This month, we sat down with researchers to hear more about a collaborative project in Suriname, the smallest country in South America. Through grant funding provided by the NIH Global Environmental and Occupational Health (GEOHealth) program, lead researchers Maureen Lichtveld, M.D., Wilco Zijlmans, M.D., Ph.D., and Dennis Mans, Ph.D., are working to better understand environmental health threats and build research capacity in Suriname.
Rainforests, rivers, sporadic power, and limited roads are only a few of the challenges the research team faces while developing and conducting the first environmental health research projects in Suriname. But solar freezers, airplanes, and boats will help the team overcome these challenges through their newly established Caribbean Consortium for Research in Environmental and Occupational Health, the very first NIH-funded research program in the country.
The consortium, or hub, is a result of awards through the GEOHealth Program, which have facilitated a unique partnership between institutes in the U.S. (Lichtveld) and the Research Center at the Academic Hospital Paramaribo (Zijlmans) and the Faculty of Medical Sciences at the Anton de Kom University of Suriname (Mans), both in Suriname.
Developing a Partnership and Implementing Research
Lichtveld and Mans, who met years ago as grade school classmates in Suriname, reconnected in 2008 and began an informal collaboration between their respective institutes. In 2014, joined by Zijlmans, they officially established the Caribbean Consortium for Research in Environmental and Occupational Health with the help of a GEOHealth hub planning grant.
The planning grant allowed the team to conduct initial work to characterize and quantify environmental health threats in Suriname. Building on this work, the team recently received a 5 year award to study the health impacts of neurotoxins from mining and agricultural development.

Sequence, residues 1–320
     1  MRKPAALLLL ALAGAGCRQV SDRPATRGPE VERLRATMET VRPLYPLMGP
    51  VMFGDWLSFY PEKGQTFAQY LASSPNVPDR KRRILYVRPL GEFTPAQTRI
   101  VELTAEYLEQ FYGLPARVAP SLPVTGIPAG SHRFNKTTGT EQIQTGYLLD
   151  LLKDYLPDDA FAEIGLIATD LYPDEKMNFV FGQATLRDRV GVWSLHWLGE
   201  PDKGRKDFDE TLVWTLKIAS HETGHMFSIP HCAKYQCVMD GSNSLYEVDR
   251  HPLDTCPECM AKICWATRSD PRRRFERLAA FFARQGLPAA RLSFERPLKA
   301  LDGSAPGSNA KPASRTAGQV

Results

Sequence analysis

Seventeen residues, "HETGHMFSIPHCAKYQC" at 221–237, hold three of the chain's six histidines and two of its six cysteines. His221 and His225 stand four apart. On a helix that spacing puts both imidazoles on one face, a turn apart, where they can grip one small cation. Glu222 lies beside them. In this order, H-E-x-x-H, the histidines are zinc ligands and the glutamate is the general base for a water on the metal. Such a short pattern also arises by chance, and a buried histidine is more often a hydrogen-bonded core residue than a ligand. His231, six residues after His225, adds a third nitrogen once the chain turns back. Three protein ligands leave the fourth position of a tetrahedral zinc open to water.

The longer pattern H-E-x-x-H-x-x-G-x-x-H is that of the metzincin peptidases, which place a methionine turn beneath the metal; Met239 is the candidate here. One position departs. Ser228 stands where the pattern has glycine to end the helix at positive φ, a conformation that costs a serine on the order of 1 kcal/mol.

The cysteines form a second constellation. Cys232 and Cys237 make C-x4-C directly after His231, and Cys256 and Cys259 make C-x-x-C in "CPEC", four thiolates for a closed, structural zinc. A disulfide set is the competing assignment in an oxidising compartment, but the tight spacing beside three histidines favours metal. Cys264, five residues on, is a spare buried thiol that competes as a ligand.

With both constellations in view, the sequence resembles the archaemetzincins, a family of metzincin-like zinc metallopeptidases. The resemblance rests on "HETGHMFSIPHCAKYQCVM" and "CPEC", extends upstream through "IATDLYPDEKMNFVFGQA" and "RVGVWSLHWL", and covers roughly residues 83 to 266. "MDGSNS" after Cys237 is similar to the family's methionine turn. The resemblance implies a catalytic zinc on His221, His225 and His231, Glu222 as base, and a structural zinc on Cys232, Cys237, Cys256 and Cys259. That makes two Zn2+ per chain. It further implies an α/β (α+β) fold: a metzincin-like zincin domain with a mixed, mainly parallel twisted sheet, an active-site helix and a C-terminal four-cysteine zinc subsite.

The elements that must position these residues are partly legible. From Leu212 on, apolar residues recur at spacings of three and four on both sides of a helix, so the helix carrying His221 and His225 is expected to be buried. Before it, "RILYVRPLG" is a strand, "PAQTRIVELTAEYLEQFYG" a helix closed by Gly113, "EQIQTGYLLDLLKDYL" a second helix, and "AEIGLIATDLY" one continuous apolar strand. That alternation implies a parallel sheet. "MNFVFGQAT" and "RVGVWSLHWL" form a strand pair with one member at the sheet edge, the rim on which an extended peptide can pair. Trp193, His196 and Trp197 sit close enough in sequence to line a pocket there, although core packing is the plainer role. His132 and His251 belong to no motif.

“Suriname is facing a triple public health burden: high perinatal mortality, environmental contamination potentially related to growing mining and agricultural development, and a lack of environmental policies to protect their populations, especially vulnerable pregnant women and their infants,” Zijlmans noted describing the team’s inspiration.
The team’s first project focuses on mercury contamination in fish and waterways from artisanal mining operations. Prompted by its previous findings that fish living in Suriname’s rivers contain elevated levels of mercury, the team is now exploring how mercury exposure from fish consumption may impact human health.
After detecting levels of unregulated, internationally banned pesticides in local produce, the research team initiated a second project that is exploring the extent of pesticide contamination and potential impacts on residents. In addition to produce, the team is investigating commonly used medicinal plants and herbal remedies and how, despite their potential protective value, these may introduce additional exposure to contaminants.
Understanding how environmental exposures affect child health and development is a major focus for the research team. For its primary project, the team will initiate a maternal and child cohort study — the first of its kind in Suriname. Set to launch in May 2016, the team will follow 1,000 pregnant mothers from various regions of Suriname from their first trimester to delivery. Children of mothers who experience the highest and lowest exposures will be followed for four years. The team will then study how changes in DNA are influenced by exposure to pesticides and other environmental stressors and whether these DNA changes could predict future disease outcomes.
“Mother and child-care has been my priority both as a clinician and researcher from the very beginning.” Zijlmans noted, adding that his past studies have helped inspire the team’s current work. “I was previously involved in a nationwide prospective study on perinatal and infant mortality. Preliminary findings indicate high rates of perinatal mortality and approximately 1 in 5 pregnancies end in at least one negative birth outcome. From this research, there are piling indications that as a result of its abundant use, neurotoxicants have a negative impact on perinatal mortality; however, we do not know the exact impact on the health of mother and child since we were never able to measure it properly. With this research project we hope to find answers and proof.”